Let’s take my focus on creating a writing career for myself as an example. If I look at this goal as something I have to do so I don’t squander my potential or all the hard work I’ve done working on my writing skills, including earning a master’s degree in writing, the burden to turn out something impressive to others is set in motion. But what if I focus instead on the possibilities available to me if I pursue my writing with a more focused agenda? If I acknowledge there is a possibility I could, with greater dedication to my craft, create a highly trafficked blog site or pen an enjoyable memoir, I am free from the burden of obligation. I am simply moving confidently in the direction of my dreams, unencumbered by expectation. Possibility (I could) takes the place of potential (I should).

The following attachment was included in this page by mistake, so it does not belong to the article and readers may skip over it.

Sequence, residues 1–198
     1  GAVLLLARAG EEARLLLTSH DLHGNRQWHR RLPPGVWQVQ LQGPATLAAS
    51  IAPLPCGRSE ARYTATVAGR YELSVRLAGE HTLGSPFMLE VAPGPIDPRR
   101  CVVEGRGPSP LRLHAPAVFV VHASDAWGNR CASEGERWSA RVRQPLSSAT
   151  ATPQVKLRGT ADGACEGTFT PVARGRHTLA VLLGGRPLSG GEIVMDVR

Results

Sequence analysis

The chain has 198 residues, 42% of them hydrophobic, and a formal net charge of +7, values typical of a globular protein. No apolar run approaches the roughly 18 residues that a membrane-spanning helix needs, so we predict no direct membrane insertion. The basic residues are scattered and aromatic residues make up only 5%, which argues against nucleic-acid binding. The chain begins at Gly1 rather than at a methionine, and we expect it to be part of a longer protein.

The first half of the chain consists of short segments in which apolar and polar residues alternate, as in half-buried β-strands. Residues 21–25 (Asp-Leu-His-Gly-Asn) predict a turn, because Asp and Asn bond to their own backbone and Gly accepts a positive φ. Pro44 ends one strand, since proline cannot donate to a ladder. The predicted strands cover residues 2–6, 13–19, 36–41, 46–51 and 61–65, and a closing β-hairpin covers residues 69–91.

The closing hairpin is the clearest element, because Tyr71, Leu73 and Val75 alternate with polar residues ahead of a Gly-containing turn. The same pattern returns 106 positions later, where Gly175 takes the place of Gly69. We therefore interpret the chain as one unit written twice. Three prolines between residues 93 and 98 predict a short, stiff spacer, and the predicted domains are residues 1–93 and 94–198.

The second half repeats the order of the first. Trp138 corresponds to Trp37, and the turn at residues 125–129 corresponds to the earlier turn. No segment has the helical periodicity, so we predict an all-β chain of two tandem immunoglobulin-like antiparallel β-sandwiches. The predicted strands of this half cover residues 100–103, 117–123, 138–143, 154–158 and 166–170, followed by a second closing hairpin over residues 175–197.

I suppose it all depends where you are coming from. If you were fortunate enough to be raised by loving, supportive parents who cherished you unconditionally, then potential might not feel like a scary term to you. Perhaps your parents raised you to believe in the power of your potential and that is a guiding force leading you towards success. If you were, however, raised as I was without acknowledgment or attention paid to your skills and abilities, you might not have enough belief in yourself yet to champion your potential. You might only be able to muster the courage to believe you could possibly achieve your dreams. Deciding you have many possible paths might feel as empowering to you as believing you have high potential to be successful because of your skills.

What motivates you more? The power of your potential or the pull of your possibility?